crumb of them. Buttered or with your fav
orite Ham or Jam, you'U pack away Beveral ■
of them every meal. Biscuits well made ■
from Red Rose Flour are delicious. If you I
H V'
are not using Red Rose, make a change— ■, u
you'll be glad. " ■ ■ V
i ■
i ki " . . ■ • .
| " Distributed by I 1 11
f® Harrison Wholesale Co. I
Plymouth, N. C., January »v-
Teara trickled down the cheeks
of a whits and colored man bare K
thia week whan they parted after
43 years of working together on
the aame farm without a dispute
or unpleasant work.
Sam Hines, negro, 63 years of
age, went to work on the farm of
, George Ayera when ha waa 21
yeara of ace. The negro gave his
landlord a mule when be was leav
ing to enter the employ of J. C
Spruill, former county commis
Inconvenience brought on by a
relative moving in with Mr. Ayers
was the cause of Hines leaving
his landlord. He would go back
now "if Mr. Ayers had a shelter
for me to live in." Numbers of
people have vainly endeavored to
employ Hines, as his good dispo
sition is well known in Washing
ton County.
Lincoln Farmers Sell 31
Pounds Poultry Minute
> Lincoln Couaty farmers sold 31
'pounds of poultry a minute from 8
[o'clock in the morning until 5 o'clock
in the afternoon at a cooperative sale
held recently, when $2,380.05 was real
ized by those selling.
Martin County farmers have 60 cars
of cured sweet potatoes for sale from
the curing houses of the county.
NEXT time you are out I
of fix as the remit of ir
regular or faulty bowel
movement, try Thedford'a
Black-Draught for the re
freshing relief it gives
thwwanda of paople who take it
Mr. E W. Cecil.a construction super
intendent in Pulaski, V*L, aaya:
"When I gat oon
stipnUd, my head achea, and I
have that dull, tirad foaling—just
not aqual to my work. I don't
feel hungry and I know that I
need ao me thing to my
system, so I take Black-Draught
We have found it a great help."
Sold In 25-cent packages.
Thedford's Jk
I IffSS&'S&H? Kitrai'fiS
LM JEsaLXM ftY*',»° JPMBfcw WW
■ ■
Thousands of Pounds Be- (
lieved Lost by County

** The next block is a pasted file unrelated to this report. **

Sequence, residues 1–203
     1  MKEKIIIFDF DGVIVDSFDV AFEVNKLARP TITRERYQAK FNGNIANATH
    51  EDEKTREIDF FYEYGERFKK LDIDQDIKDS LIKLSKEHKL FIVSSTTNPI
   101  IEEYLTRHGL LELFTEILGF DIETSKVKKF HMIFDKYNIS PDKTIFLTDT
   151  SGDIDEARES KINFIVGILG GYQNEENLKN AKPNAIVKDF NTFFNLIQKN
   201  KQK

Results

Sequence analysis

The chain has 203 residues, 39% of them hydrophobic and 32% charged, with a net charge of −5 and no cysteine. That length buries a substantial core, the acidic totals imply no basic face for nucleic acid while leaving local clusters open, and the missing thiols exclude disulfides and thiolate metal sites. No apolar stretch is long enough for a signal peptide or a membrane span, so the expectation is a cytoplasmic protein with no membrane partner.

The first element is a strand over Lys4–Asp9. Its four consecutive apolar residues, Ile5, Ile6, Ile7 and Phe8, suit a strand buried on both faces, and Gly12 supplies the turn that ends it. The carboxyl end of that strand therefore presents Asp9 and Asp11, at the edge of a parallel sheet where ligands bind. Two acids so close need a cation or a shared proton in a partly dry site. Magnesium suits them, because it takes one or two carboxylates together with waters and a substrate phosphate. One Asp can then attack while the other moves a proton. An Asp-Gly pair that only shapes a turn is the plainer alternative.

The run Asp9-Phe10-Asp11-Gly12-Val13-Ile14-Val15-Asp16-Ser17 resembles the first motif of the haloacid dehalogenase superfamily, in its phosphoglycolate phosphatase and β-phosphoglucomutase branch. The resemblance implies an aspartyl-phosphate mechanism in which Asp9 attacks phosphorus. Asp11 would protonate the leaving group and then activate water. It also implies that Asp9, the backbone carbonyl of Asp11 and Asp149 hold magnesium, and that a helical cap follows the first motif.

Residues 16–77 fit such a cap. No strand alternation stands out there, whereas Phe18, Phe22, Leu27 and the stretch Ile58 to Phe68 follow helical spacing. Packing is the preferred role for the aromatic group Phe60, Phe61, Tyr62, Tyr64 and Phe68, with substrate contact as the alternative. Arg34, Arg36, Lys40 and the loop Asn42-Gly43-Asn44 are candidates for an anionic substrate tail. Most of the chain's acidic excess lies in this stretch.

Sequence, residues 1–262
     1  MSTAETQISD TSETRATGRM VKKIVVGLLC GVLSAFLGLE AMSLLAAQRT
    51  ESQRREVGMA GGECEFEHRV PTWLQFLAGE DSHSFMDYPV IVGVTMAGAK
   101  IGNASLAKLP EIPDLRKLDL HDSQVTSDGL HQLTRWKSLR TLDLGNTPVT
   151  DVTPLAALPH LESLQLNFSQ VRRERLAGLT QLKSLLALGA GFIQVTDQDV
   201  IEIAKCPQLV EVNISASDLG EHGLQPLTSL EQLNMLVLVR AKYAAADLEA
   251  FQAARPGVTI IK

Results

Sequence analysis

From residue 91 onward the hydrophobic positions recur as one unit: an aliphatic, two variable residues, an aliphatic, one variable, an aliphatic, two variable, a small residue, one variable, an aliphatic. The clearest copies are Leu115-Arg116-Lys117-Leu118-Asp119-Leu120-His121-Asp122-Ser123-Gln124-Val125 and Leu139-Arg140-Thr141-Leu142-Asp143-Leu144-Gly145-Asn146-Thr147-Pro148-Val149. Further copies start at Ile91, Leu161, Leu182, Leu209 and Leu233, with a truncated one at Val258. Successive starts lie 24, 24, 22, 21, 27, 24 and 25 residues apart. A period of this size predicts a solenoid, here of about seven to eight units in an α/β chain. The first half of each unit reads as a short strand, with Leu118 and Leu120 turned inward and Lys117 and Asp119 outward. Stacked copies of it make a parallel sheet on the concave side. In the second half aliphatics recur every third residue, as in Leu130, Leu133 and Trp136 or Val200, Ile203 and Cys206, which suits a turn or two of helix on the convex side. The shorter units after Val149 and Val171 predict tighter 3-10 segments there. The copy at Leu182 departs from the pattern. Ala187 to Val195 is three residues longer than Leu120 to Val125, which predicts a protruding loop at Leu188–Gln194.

■ •
Thousands of pound* of pork,
slaughtered during the past few weeks
by farmers who became impatient with
a winter that brought weather more
like April than January, has spoiled
in this territory.
Tired of /ceding their hog*, hungry
for fresh sausage and spare rib*, many
farriers killed a part of th«ir hogs,
trusting to their own reading* of the
weather sign* and hoping that nature
would be itself and bring cold weath
er. In many cases, those who have
killed have encountered difficulty in |
saving the meat from spoiling and '
have been forced to haul their tainted
pork into the wood* for the cultures
of the air to feast upon.
6 66
666 Liquid or Tahfeta UMd internally
and 666 Salve externally, make a com
plete and. affective treatment for Cold*.
$5,000 in Cash Prizes
Ask Your Druggist lor Particular*
C. 0. Moore & Co.
Heavy and Fancy Groceries
Philco Radios
i N
We Thank You for 1931 Patronage and Hope To
Serve You Better in 1932
Phone 169
18. F. PERRY
I Old Home Cash
""" ~ 1 ~
' •
Friday, January 29, 1932
In Mamory of Oar Qaitfac B*bT.
Our darling Princess is goae to rest.
To reign with God. forever fclcaaed.
Her little tongue will no more praise
A Saviour's lore redeeming grace.
Asleep in Jesus, blessed sleep.
Which no one ever wakes to weep.
No fear, no woe shall dim that hour
That manifests the Saviour's power.
Little Princess is gone.
Her voice is still.
Her place is vacant in our home.
Which never can be filled.
I am waiting here below.
Sooo I, after her, shall go.
I pray in heaven my place be prepared
Then I will be with her over there.
I am hoping for a welcome
In heaven's golden door.
When I shall meet her
Over on that other shore, e
Little Princess left me broken-hearted.
How much I miss her no one knows;
Oh, we soon will meet in heaven.
When we meet we will part no more.
May God bless her remaining fam
ily. May they have the sweet a**ur
ance of meeting where there is no
more tickneaa .sorrow, nor sad fare
By her mother,
Mr*. T. C. RAWLS.